37. 37. WagesOne might expect a major determinant of firms’ ability to fill any vacancy to be thewages it pays relative to other potential employers. We have discussed above whythis might not be as clear as it first seems and so the sign on the coefficient ofrelative wages will tell us something about the function of the New Zealand labourmarket.In considering the appropriate measure of outside wages, there are a number offactors to take into account. The unit of observation for the data on wages is theestablishment. We do not have information on wages by skill level. Our measure ofwages is the total wage bill divided by the number of employees on the 13 th of themonth. This can be aggregated from a monthly establishment measure to an annualenterprise measure using employment weights (or, equivalently, by summing wagecosts and rolling mean employment over the year and dividing one by the other)25.The two dimensions over which we can measure variation in the outside wage areindustry classification and geography. However, firms often operate in multipleindustries and/or multiple locations. Firm level analysis generally uses the concept of‘predominant industry’. This is typically measured by taking the industry in which thefirm employs the most workers. Thus, if a firm has two establishments, oneemploying 100 workers constructing boats and one employing 20 to sell marinesafety equipment, we say the firm is a boat-maker. If the firm has establishments inmore than one region, we could proceed by analogy to determine its ‘predominantregion’. This is the course followed by Grimes, Ren and Stevens (2012)26. Becausewe have information of the numbers of employees and wages at the establishmentlevel, along with the region in which that establishment is situated and its ANZSICcode, we can calculate a more sophisticated measure. We calculate the relativewage at the establishment level and aggregate it across industries and locations inwhich it operates using employment weights.In the analysis for this paper, we actually considered three outside wage measures:the average wage in the 4-digit industry; the average wage in the local region and;25 As with other measures using LEED employment, this measure does not take into account thehours worked by employees (we cannot calculate hourly wages), but it does take into account monthlyvariations within the year (e.g. seasonal working).26 This is because in the questions on internet connectivity in the 2006 Business Operations Surveyused by Grimes et al., respondents are answer with respect to their largest operation. 27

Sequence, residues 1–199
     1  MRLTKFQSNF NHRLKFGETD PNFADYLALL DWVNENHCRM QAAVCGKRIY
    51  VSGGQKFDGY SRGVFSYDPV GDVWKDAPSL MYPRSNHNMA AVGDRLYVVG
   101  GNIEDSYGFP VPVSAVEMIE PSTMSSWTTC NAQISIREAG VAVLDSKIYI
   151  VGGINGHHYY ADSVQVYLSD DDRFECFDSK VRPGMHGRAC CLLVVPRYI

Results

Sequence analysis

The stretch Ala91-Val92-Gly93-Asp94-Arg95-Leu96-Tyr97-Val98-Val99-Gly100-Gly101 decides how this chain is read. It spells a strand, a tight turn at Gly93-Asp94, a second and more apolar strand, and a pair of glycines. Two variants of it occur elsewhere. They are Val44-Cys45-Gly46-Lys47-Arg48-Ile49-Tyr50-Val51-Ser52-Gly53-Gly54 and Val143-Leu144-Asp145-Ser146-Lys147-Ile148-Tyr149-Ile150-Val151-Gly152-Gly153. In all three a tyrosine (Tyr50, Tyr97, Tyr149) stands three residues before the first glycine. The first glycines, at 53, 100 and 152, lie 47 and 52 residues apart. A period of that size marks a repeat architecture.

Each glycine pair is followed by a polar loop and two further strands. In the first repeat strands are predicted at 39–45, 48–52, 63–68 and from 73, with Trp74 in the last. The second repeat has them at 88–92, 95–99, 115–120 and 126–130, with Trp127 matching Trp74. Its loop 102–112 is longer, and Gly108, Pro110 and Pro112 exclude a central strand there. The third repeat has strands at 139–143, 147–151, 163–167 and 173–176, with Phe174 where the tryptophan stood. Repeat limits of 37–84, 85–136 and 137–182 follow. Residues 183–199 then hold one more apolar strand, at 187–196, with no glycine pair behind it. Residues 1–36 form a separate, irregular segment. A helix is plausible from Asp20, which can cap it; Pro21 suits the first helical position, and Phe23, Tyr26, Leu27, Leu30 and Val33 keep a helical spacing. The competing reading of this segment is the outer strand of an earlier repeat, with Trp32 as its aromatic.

38. 38. the average wage of firms in the industry in the region. However, the measures arehighly correlated with each other at the enterprise level and the influence on theresults is marginal. Therefore, in this paper, we present results from only theindustry-regional measure as it reflects both the national market for skills of a similarnature and the geographic area.We chose the Territorial Authority as the appropriate region as we believe that thismost closely approximates a travel-to-work area27. In order to maintain cell sizes, thedefinition of industry on which we settled was the 2-digit level according to theANZSIC 1996 classification. In cases where the number of firms in a cell droppedbelow 50, we used data at the next level of industry aggregation.The industry-region outside wage for an enterprise (the unit of observation in the LBDthat broadly corresponds with what economists would call the firm) was calculated asthe average wage in the industry-region cell in which the establishments in theenterprise operated, aggregated using establishment employment weights. That is,the outside wage of enterprise i, consisting of L establishments, is given by L M Ei(5) Woi   W jrm l 1 m 1 Eikmwhere Wjrm is the average wage of the establishments in the 2-digit industry j in theTerritorial Authority r in month m (M will typically, but not exclusively, be 12), Ei is thetotal employment in the enterprise and Eikm is the employment in each establishmentin a given month.Local Labour Market ConditionsWe consider three measures of the local labour market conditions (beyond theindustry-region wage). These come from the 2006 Census of Population andDwellings. The first two are measures of the supply of labour at the two ends of theeducation distribution. First, we consider the percentage of the population with adegree or higher qualification. Second, we consider the percentage of the populationwith no qualifications. The third variable we consider is the unemployment rate in theTerritorial Authority.27 It is possible to calculate more sophisticated measures of outside wages and local labour marketconditions using more disaggregated (Area Unit or even Meshblock) data and weighting it by somefunction of the distance between the two areas. We leave this to later work. 28